Pricing is one of the most important aspects of your eye care practice’s growth. It’s easy to fall into the pitfall of over discounting and devaluing your products. There’s a psychology to setting the right prices that are both fair to your patients and fair to your practice.
When setting your pricing strategy, here are some ways you can leverage it to build a premium practice with premium products.
Psychology of Price
Pricing has its own science and psychology behind it. Higher price tags automatically scream premium and quality products. Think about going to buy a TV, which brands are the highest quality? And which are the most expensive? Odds are the answers between the two pretty much line up.
The same goes for extremely low price tags, only in the opposite direction. Low prices make products seem cheap, even if that’s far from the truth. Price is one of the first things a patient is going to notice about a pair of lenses. The lens technology is effectively invisible to them unless demonstrated with a tool like Spectangle PRO. If you over discount your products, you send the wrong first impression, and it’s hard to change that.
The Slippery Slope of Devaluing Product
Once you start discounting products, it’s hard to go back. You will find it challenging to raise prices, and even harder to justify it to customers that notice. You can still make the ground up though as you introduce new products and raising prices slowly. The best option though is to avoid going down this road in the first place.
Find a happy medium, but don’t over discount your products or else patients can start to feel that you are offering cheap products, even when that isn’t true.
A Note on Big Chain Pricing
Sorry, but the reality is that trying to compete with big chains will run you out of business. The big chains can make up their margins in volume and have the purchasing power to keep their prices low.
Focus on where you can compete, customer service, education, expertise, and premium products. Each of these lends themselves to your pricing strategy. It’s not just about the pair of glasses a patient walks out with; it’s the fact they know they found the best solution for them.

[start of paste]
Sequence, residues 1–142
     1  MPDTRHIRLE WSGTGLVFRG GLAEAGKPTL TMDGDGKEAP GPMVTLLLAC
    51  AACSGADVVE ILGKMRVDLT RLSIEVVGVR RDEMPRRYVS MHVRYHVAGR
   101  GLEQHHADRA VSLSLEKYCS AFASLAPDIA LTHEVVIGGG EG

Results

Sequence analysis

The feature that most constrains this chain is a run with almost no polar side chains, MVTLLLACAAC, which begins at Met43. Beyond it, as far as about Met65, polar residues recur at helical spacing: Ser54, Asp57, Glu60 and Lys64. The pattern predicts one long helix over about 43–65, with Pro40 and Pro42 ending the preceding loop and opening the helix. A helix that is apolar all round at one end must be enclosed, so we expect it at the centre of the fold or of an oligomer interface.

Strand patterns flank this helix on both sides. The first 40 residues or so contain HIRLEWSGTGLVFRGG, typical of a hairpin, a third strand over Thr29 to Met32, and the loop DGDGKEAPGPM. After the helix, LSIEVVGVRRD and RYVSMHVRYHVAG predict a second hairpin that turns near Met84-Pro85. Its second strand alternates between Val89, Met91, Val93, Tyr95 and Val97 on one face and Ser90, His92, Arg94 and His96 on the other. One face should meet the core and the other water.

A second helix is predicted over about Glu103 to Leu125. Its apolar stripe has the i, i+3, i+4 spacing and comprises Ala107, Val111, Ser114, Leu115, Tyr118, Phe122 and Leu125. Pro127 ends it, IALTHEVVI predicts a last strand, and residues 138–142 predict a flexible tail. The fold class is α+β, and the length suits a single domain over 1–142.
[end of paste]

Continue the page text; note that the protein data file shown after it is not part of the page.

Margins aren’t entirely in your control. Factors ranging from costs of goods to vision plan reimbursement all play a role in setting pricing and margins. When considering what products to offer and their pricing, consider the following hypothetical example:
A cheap pair of progressives you purchase for $40 and sell for $400 is going be the same margin for you as a premium lens you purchase at $90 and sell for $500.
The difference is your patient finds the best solution, and their satisfaction and word-of-mouth marketing can make all the difference for growing your practice.
Educating Around the Value of Glasses
All of this isn’t to say you shouldn’t have a range of products. Patients come from all walks of life and some cannot afford a top of the line progressive lens with all the extra features and treatments.
Always focus on getting patients the lenses they can afford that will provide them the best health benefits. Educate your patients on why they should spend more on extra features or specialized lenses. Focus on the health benefits of a premium pair of prescription sunwear, and how a computer pair of glasses will help with comfort, eye fatigue, and pesky digital eye strain symptoms.
Education will do far more than yet another buy one get one half off deal.
Want to learn more about demonstrating the value of lenses with patients? Download our fact sheet on how much value a premium pair of lenses offers on a daily basis.